Subprime Thinking

Did Liberals Cause the Sub-Prime Crisis? | The American Prospect:

“It’s telling that, amid all the recent recriminations, even lenders have not fingered CRA. That’s because CRA didn’t bring about the reckless lending at the heart of the crisis. Just as sub-prime lending was exploding, CRA was losing force and relevance. And the worst offenders, the independent mortgage companies, were never subject to CRA — or any federal regulator. Law didn’t make them lend. The profit motive did.”

(Via The American Prospect.)

Wall Street and the Third World |

Wall Street and the Third World |

“The former Communist countries generally turned, after the dismal failure of their postwar system, to market capitalism, replacing Karl Marx with Milton Friedman as their god. The new religion has not served them well. Many countries may conclude not simply that unfettered capitalism, American-style, has failed but that the very concept of a market economy has failed, and is indeed unworkable under any circumstances. Old-style Communism won’t be back, but a variety of forms of excessive market intervention will return. And these will fail. The poor suffered under market fundamentalism—we had trickle-up economics, not trickle-down economics. But the poor will suffer again under these new regimes, which will not deliver growth. Without growth there cannot be sustainable poverty reduction. There has been no successful economy that has not relied heavily on markets. Poverty feeds disaffection. The inevitable downturns, hard to manage in any case, but especially so by governments brought to power on the basis of rage against American-style capitalism, will lead to more poverty. The con?sequences for global stability and American security are obvious.”

(Via Vanity Fair.)

Great and succinct critique on market fundamentalism (“free markets can solve any problem”).

Economists on the Bailout – Freakonomics – Opinion – New York Times Blog

Economists on the Bailout – Freakonomics – Opinion – New York Times Blog:

“The only thing that seems to be moving faster than the financial crisis is the policy debate. The latest development is a statement that summarizes what I think of as the emerging consensus from academic economists; it expresses concern about various aspects of both the Paulson plan in particular, and the policy process in general.”

(Via Freakonomics – Opinion – New York Times Blog.)

Slow down. Take a breath everybody. Who Caused the Economic Crisis? Who Caused the Economic Crisis?:

“So who is to blame? There’s plenty of blame to go around, and it doesn’t fasten only on one party or even mainly on what Washington did or didn’t do. As The Economist magazine noted recently, the problem is one of ‘layered irresponsibility … with hard-working homeowners and billionaire villains each playing a role.’ Here’s a partial list of those alleged to be at fault:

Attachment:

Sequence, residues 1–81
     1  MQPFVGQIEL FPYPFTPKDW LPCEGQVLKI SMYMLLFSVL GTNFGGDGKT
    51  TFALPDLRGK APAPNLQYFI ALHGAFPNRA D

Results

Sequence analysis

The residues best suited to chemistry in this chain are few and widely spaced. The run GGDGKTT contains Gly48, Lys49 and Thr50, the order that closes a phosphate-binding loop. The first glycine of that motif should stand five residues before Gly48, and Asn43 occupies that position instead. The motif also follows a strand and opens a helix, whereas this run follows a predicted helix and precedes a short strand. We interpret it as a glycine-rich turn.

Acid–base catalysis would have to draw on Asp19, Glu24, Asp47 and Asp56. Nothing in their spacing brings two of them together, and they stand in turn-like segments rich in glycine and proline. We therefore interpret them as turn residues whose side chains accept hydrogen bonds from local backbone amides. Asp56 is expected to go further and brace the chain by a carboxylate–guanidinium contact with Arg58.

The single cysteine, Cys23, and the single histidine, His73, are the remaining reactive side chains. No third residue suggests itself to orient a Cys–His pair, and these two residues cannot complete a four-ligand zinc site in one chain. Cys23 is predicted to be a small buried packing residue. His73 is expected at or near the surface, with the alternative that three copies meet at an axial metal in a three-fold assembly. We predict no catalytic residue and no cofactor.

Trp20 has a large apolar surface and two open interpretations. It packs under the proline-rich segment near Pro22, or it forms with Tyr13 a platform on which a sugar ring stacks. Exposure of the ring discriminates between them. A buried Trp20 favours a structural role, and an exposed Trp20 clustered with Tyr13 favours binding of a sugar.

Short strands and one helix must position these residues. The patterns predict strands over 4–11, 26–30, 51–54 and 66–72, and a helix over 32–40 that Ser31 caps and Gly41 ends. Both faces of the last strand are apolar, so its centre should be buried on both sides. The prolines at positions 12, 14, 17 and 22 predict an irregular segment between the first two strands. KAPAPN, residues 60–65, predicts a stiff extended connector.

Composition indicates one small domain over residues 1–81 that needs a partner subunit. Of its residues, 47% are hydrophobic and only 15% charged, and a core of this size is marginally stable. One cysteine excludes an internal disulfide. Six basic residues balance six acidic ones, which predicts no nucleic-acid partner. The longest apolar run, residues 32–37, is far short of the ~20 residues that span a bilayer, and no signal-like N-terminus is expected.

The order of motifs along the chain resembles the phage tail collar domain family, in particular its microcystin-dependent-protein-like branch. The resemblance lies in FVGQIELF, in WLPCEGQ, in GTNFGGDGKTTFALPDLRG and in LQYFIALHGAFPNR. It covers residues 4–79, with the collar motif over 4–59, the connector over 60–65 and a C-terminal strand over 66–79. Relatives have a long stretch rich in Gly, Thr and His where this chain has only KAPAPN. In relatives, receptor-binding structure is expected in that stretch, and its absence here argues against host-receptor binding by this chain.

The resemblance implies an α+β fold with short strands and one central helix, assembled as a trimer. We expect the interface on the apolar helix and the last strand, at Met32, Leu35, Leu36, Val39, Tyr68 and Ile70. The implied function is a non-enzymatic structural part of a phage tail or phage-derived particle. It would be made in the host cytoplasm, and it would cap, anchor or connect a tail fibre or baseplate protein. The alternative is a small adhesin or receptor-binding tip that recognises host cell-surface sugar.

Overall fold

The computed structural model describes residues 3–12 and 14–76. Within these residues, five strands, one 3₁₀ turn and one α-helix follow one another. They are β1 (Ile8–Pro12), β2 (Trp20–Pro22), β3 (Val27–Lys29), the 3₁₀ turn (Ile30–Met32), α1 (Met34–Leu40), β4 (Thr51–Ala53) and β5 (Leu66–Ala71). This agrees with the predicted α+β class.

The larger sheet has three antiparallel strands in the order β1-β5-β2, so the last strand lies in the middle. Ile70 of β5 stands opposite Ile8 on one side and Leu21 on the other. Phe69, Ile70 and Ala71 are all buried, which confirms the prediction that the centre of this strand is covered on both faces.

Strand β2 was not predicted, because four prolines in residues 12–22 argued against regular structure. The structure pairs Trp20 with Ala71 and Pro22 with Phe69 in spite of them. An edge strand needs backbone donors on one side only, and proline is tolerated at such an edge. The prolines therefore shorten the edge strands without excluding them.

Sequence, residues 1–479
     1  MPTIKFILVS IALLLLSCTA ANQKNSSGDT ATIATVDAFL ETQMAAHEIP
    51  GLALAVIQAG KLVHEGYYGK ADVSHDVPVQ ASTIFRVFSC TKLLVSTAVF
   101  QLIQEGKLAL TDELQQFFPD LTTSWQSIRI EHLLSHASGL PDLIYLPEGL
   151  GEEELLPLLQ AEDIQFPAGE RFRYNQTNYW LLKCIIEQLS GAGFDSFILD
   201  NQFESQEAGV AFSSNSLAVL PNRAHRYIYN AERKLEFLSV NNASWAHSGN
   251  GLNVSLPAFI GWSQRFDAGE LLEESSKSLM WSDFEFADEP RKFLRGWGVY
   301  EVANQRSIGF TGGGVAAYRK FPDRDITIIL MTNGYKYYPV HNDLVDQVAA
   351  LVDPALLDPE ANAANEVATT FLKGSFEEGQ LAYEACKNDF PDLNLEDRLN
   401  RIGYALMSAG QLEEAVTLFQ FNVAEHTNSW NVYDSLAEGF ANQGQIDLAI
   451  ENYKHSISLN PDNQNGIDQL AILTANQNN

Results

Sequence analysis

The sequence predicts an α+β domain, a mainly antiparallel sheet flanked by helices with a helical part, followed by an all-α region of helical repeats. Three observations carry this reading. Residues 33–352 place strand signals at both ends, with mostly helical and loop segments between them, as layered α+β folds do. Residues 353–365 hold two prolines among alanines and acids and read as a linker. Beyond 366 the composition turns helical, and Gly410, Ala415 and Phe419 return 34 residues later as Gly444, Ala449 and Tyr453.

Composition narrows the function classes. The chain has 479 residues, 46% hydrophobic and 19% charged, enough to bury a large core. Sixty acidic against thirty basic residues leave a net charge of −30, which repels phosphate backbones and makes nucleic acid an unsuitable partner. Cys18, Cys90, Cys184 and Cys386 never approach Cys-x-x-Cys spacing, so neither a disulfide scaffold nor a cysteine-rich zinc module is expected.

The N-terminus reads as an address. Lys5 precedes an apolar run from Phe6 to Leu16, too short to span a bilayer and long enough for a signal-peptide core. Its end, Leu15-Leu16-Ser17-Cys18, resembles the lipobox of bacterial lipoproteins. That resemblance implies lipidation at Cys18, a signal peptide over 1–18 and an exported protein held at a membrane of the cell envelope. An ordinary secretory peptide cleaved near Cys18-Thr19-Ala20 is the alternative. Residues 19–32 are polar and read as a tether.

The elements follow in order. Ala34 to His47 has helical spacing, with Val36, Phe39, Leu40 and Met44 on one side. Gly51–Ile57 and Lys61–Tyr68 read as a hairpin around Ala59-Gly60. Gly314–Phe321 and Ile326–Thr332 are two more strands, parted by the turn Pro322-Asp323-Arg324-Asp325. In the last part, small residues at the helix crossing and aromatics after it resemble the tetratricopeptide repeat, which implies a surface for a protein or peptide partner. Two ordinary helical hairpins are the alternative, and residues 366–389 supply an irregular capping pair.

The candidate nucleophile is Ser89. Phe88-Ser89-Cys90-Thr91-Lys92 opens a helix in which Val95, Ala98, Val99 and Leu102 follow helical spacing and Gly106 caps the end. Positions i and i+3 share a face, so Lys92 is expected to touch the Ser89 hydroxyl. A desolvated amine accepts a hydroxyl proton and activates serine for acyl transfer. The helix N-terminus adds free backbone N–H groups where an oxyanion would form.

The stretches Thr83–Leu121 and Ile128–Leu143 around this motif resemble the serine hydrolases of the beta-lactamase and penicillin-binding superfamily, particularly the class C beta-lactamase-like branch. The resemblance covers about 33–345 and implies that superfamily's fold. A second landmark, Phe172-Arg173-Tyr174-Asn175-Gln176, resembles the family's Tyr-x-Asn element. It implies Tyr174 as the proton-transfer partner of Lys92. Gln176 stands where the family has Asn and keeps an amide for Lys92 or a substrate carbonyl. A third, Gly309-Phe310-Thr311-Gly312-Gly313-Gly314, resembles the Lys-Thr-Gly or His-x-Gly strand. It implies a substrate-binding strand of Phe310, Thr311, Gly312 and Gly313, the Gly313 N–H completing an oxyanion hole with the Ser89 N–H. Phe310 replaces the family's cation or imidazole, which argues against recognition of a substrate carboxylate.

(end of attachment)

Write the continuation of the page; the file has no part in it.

• The Federal Reserve, which slashed interest rates after the dot-com bubble burst, making credit cheap.
  • Home buyers, who took advantage of easy credit to bid up the prices of homes excessively.
  • Congress, which continues to support a mortgage tax deduction that gives consumers a tax incentive to buy more expensive houses.
  • Real estate agents, most of whom work for the sellers rather than the buyers and who earned higher commissions from selling more expensive homes.
  • The Clinton administration, which pushed for less stringent credit and downpayment requirements for working- and middle-class families.
  • Mortgage brokers, who offered less-credit-worthy home buyers subprime, adjustable rate loans with low initial payments, but exploding interest rates.
  • Former Federal Reserve chairman Alan Greenspan, who in 2004, near the peak of the housing bubble, encouraged Americans to take out adjustable rate mortgages.
  • Wall Street firms, who paid too little attention to the quality of the risky loans that they bundled into Mortgage Backed Securities (MBS), and issued bonds using those securities as collateral.
  • The Bush administration, which failed to provide needed government oversight of the increasingly dicey mortgage-backed securities market.
  • An obscure accounting rule called mark-to-market, which can have the paradoxical result of making assets be worth less on paper than they are in reality during times of panic.
  • Collective delusion, or a belief on the part of all parties that home prices would keep rising forever, no matter how high or how fast they had already gone up.”


Obama Casts Wide Blame for Financial Crisis and Proposes Homeowner Aid – New York Times

Obama Casts Wide Blame for Financial Crisis and Proposes Homeowner Aid – New York Times:

“‘Instead of establishing a 21st-century regulatory framework, we simply dismantled the old one,’ he said, ‘aided by a legal but corrupt bargain in which campaign money all too often shaped policy and watered down oversight.’”

(Via The NY Times.)

I’m always for keeping things balanced. One thing he can’t say without losing his bid is that a 21 century framework has to be structured so that debtors shoulder some responsibility. While I’m sure many were hoodwinked and bamboozled, many others simply got greedy and gorged on cheap debt. They have to be taken to the shed as well. Let’s hope Barack leads in an effort to setup such a system.